No need to suffer with lactose intolerance
Do you experience cramps, intestinal gas and bloating, or
diarrhea after eating dairy products? Those annoying gastrointestinal
symptoms could be a clue that you're "lactose intolerant."
The condition is caused by having low levels of lactase, the
enzyme that digests the sugar in milk products. An estimated
30 to 50 million Americans are lactose intolerant, including
a majority of African-Americans, AsianAmericans, and many Latinos.
Lactose intolerance is not the same as milk protein allergy.
Milk allergy symptoms include skin rashes, hives, watery eyes
and, in severe cases, anaphylaxis, with swollen throat tissues
that impede breathing.
Making a diagnosis
The classic symptoms of lactose intolerance appear 30 minutes
to two hours after eating dairy products, and vary in intensity
depending on the individual and the amount of food consumed.
Because the symptoms are similar to other gastrointestinal
problems (such as irritable bowel syndrome), making a precise
diagnosis can be tricky. But you can undergo a simple hydrogen
breath test that allows doctors to pinpoint the problem.
"The test measures the amount of hydrogen gas produced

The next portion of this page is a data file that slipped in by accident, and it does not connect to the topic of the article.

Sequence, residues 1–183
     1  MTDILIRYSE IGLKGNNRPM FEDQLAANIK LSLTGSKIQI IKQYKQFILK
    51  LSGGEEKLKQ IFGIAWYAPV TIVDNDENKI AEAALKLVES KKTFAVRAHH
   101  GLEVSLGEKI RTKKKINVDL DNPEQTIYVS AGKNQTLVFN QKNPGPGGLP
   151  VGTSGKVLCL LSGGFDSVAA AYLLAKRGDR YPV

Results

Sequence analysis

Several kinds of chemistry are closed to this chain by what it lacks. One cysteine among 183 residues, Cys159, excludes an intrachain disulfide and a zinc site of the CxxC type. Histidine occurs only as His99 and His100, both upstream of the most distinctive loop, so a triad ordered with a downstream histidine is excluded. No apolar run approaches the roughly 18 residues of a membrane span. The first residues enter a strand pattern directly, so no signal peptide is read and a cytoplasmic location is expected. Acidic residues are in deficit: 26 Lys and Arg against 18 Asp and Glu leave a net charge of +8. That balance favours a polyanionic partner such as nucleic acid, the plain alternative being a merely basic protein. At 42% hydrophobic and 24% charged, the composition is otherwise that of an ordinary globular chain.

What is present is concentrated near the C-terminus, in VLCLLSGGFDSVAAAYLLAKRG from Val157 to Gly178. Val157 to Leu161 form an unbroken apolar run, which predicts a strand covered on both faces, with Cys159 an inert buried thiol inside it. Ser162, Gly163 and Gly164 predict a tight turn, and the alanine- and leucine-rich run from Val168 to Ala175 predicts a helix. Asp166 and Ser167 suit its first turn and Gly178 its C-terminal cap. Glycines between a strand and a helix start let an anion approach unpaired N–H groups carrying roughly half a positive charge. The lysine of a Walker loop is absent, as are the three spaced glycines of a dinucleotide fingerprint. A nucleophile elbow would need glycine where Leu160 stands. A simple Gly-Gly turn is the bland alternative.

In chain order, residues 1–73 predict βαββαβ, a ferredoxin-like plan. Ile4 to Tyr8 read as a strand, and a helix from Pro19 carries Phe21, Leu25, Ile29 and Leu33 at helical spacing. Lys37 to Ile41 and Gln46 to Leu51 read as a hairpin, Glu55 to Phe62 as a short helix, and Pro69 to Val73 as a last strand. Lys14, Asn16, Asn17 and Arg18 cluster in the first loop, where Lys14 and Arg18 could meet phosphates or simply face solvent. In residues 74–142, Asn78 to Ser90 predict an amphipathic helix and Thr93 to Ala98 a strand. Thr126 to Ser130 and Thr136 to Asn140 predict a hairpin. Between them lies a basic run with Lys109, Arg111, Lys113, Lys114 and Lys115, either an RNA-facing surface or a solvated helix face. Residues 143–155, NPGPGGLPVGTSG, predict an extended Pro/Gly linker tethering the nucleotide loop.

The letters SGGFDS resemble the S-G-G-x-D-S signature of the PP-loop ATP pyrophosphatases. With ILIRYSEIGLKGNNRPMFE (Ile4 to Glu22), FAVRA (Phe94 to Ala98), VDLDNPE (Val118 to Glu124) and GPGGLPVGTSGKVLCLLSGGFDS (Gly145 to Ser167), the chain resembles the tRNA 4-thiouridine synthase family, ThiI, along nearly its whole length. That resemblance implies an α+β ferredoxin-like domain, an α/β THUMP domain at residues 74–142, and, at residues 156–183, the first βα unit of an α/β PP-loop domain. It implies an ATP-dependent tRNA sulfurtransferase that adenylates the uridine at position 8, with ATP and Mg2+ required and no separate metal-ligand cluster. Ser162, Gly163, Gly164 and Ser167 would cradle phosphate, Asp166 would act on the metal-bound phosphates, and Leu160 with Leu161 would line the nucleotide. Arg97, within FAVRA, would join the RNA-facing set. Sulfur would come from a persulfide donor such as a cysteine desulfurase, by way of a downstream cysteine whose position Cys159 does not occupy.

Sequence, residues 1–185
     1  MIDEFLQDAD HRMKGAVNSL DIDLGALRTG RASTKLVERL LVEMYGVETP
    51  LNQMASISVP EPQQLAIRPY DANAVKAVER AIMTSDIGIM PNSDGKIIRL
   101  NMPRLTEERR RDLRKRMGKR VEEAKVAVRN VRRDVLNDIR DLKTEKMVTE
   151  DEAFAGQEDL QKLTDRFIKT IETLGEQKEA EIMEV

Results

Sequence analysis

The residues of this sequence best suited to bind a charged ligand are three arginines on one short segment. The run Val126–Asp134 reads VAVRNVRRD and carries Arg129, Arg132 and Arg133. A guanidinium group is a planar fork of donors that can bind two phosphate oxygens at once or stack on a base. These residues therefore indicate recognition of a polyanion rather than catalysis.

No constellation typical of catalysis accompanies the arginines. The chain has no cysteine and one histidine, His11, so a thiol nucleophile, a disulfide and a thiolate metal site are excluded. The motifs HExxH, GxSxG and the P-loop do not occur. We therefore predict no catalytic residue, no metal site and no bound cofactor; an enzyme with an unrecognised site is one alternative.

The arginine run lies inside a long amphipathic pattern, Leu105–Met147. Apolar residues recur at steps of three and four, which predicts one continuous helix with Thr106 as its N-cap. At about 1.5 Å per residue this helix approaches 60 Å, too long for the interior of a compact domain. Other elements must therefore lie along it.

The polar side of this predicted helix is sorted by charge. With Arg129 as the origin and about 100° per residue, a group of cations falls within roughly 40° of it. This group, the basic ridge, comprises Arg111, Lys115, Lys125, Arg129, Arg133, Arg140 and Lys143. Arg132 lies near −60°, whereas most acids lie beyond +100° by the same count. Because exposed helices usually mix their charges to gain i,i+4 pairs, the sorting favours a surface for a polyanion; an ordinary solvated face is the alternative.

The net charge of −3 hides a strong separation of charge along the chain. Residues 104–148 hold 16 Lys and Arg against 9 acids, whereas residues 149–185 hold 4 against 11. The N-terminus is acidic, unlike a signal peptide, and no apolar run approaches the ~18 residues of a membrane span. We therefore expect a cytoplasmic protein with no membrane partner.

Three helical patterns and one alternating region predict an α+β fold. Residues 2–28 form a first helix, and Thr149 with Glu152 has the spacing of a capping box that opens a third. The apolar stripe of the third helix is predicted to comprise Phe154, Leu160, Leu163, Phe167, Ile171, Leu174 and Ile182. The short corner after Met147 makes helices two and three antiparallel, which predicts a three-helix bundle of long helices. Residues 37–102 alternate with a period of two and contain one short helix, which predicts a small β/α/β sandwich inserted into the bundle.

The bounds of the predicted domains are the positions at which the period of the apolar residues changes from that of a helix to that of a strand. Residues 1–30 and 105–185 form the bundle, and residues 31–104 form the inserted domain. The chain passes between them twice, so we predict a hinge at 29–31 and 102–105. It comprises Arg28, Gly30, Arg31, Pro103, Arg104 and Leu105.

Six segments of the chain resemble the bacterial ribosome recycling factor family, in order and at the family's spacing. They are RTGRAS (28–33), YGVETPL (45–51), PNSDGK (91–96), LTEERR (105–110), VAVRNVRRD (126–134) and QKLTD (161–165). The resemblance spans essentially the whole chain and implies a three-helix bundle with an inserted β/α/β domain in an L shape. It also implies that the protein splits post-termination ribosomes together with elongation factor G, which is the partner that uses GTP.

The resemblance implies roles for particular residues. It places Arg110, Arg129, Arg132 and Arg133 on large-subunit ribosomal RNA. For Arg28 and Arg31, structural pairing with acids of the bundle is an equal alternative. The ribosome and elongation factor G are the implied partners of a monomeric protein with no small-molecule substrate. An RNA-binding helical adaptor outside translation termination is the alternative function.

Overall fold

by the fermentation of lactose by bacteria in the colon,"
explains Jaime Aranda-Michel, MD, assistant professor of medicine
in the Division of Digestive Diseases at the University of Cincinnati.
Part of the hydrogen produced by the fermentation of undigested
lactose is absorbed into the blood and exhaled.
The test involves measuring baseline hydrogen after an overnight
fast, and again at regular intervals after you're given 50 grams
of lactose (equivalent to a quart of milk). You simply breathe
into a special plastic collection bag, and hydrogen levels are
Don't dump the dairy
A positive test doesn't automatically mean milk and other
dairy products must be eliminated from the diet. Many dairy products
contain less lactose, and may provoke fewer symptoms (see chart).
Giving up dairy entirely can lead to low levels of calcium,
vitamins A and D, phosphorus and protein, increasing the risk
of osteoporosis and hypertension.
Some products contain lactase and help convert lactose into
easily digested sugars. You can choose from drops that you add
to food, capsules or chewables taken before eating dairy products,
and lactose-free milks. These products include Lactaid, Dairy
Ease, Dairy Relief, and NutriMil. Among the milk products are
Parmalat, Borden Plus, and Lactaid. All are rich in calcium;
each eight-ounce glass of Lactaid fat-free milk contains 500
milligrams (mg) of calcium.
WHAT YOU CAN DO
If you have Lactose Intolerance:
Make sure you get enough calcium from non-dairy sources.
Eat foods containing less lactose.
Try products containing lactase that aid dairy digestion.
If symptoms persist despite dietary precautions, see your
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